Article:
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Inside Iowa State, a newspaper for faculty and staff, is published by the Office of University Relations.

June 10, 2005

All her world's a stage

by Annette Hacker

It isn't every actress who can portray Prudie Cupp in the down-home musical Pump Boys and Dinettes, belt out prison matron Mama Morton's anthem - "When You're Good to Mama, Mama's Good to You" - in Chicago, and steal the show in a community theater production of Cabaret.

And it isn't every day you'd expect to find her working in Iowa State's facilities planning and management department. But there she is, playing the role of project manager: the talented and versatile Kerry Dixon-Fox.

Dixon-Fox is an architect now, a 10-year veteran of FP&M who originally joined Iowa State as a customer relations specialist, tracking all facilities work for the colleges of Agriculture, Engineering and Family and Consumer Sciences, as well as the Parks Library. In 2002, she was promoted to project manager. Dixon-Fox now is the point person on two highly visible campus projects: the $9 million Morrill Hall renovation, and the Knapp-Storms residence hall demolition in July, expected to be Iowa's largest-ever implosion.

Talk to Dixon-Fox for a while, and you start to figure out that she's one of those people who probably could have done just about anything she wanted. (And you still like her in spite of it.) She wasn't sure what she wanted to do with her life until just before she headed off to the University of Notre Dame, where she earned a bachelor's degree in architecture in 1987, but there were glimmers of where her career path might lead, even growing up.

It turns out she liked working backstage as much as being on stage. She enjoyed building elaborate sets, ultimately serving as scene designer or technical director for 30 shows, from high school to summer stock to community theatre. Dixon-Fox nurtured her love of the theatre as a hobby for more than 15 years, but says she never intended to make a living at it.

It was earlier on that someone should have seen the signs of a budding young architect.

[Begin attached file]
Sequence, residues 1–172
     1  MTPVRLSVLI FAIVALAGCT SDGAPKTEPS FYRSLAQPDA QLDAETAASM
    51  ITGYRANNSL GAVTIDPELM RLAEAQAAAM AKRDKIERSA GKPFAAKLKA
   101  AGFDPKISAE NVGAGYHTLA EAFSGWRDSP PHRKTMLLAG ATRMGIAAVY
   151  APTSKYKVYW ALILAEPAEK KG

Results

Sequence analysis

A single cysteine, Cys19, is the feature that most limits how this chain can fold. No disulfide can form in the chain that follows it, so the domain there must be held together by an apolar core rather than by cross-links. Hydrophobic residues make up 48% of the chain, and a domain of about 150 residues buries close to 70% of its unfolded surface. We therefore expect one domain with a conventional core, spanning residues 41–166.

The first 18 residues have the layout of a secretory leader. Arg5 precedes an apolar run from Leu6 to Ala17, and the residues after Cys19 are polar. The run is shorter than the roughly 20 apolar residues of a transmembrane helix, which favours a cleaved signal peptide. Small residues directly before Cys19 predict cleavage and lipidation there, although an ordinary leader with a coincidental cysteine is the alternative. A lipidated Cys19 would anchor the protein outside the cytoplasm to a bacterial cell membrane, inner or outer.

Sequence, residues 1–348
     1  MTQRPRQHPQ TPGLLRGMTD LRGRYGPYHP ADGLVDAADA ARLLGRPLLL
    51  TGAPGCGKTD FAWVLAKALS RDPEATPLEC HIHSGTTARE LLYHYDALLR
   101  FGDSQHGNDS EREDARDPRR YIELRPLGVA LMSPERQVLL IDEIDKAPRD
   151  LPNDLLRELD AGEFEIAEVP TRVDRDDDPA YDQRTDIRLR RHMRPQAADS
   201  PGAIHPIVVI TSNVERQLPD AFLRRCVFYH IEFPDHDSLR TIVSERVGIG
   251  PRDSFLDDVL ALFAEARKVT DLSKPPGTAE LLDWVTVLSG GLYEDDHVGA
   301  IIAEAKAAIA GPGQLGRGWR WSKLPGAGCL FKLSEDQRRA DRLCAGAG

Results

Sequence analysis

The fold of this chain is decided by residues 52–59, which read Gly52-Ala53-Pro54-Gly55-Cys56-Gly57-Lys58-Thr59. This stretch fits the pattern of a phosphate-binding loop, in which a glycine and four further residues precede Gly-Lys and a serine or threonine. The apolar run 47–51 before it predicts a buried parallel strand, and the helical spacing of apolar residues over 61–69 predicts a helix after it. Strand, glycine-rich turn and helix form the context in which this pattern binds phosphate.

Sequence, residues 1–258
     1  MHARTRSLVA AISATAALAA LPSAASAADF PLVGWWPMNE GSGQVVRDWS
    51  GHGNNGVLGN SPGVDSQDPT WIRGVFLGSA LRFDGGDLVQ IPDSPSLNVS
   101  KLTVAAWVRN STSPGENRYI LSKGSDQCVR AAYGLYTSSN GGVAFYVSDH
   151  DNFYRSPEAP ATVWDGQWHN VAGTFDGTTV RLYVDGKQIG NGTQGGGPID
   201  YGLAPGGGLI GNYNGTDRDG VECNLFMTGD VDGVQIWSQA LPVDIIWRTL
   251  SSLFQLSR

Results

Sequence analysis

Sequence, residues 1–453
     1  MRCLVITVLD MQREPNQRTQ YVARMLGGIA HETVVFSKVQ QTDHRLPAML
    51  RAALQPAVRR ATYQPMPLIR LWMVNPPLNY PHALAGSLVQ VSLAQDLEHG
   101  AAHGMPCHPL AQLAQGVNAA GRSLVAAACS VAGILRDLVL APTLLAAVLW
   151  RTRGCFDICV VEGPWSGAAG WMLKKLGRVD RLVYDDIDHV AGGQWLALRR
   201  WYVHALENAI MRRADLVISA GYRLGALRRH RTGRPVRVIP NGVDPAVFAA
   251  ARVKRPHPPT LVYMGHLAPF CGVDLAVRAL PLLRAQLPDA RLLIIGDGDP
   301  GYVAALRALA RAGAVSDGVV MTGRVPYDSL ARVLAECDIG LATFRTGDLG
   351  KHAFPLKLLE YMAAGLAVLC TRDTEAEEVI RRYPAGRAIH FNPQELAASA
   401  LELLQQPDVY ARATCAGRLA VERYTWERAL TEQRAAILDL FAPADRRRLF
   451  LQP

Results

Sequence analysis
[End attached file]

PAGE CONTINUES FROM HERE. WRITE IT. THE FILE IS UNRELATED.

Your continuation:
"I stole my brothers' Legos," Dixon-Fox confessed.

Blame it on Mr. Boehm

From there, Dixon-Fox took drafting and shop classes in eighth grade.

"When I hit my senior year in high school, there was finally a hole in my schedule that I didn't have to fill with a college pre-requisite course. So I took 'Introduction to Architectural Drafting,'" Dixon-Fox said. "Mr. Boehm, the industrial arts teacher, entered my work in a statewide technical drawing competition."

In that contest in her home state of Illinois, Dixon-Fox said competition from the well-established technical high schools was fierce, and the winners were typically "guys from the tech schools."

Dixon-Fox vividly recalls the awards ceremony in which she received second place, missing first by just one point. As she walked to the stage, from across the auditorium she heard, "'s a girl!"

"That (award) was the main deciding factor of why I went into architecture," Dixon-Fox said.

Architecture school at Notre Dame was rigorous, Dixon-Fox said. Of the 100 students who began in the program her freshman year, only 37 remained in the second year -- and only nine of those were women.

"Our professors were very old school," she said. "One told us, 'Girls don't belong in this field.'"

Undeterred, in her final year of college Dixon-Fox served as a teaching assistant to the faculty member who'd made that comment. She grew to respect him, she said.

"He was deliberately goading us, trying to toughen us up -- knowing what we would encounter in the working world," Dixon-Fox said.

On the job

After graduation, Dixon-Fox worked in a private architecture firm in Bloomington, Ill. She quickly became bored sitting behind a drafting table.

"Unless you'd been there for quite some time, you never got to work with clients," she said.

From there, she spent six years as the campus planning analyst at Illinois State University in Normal before coming to Iowa State in 1995.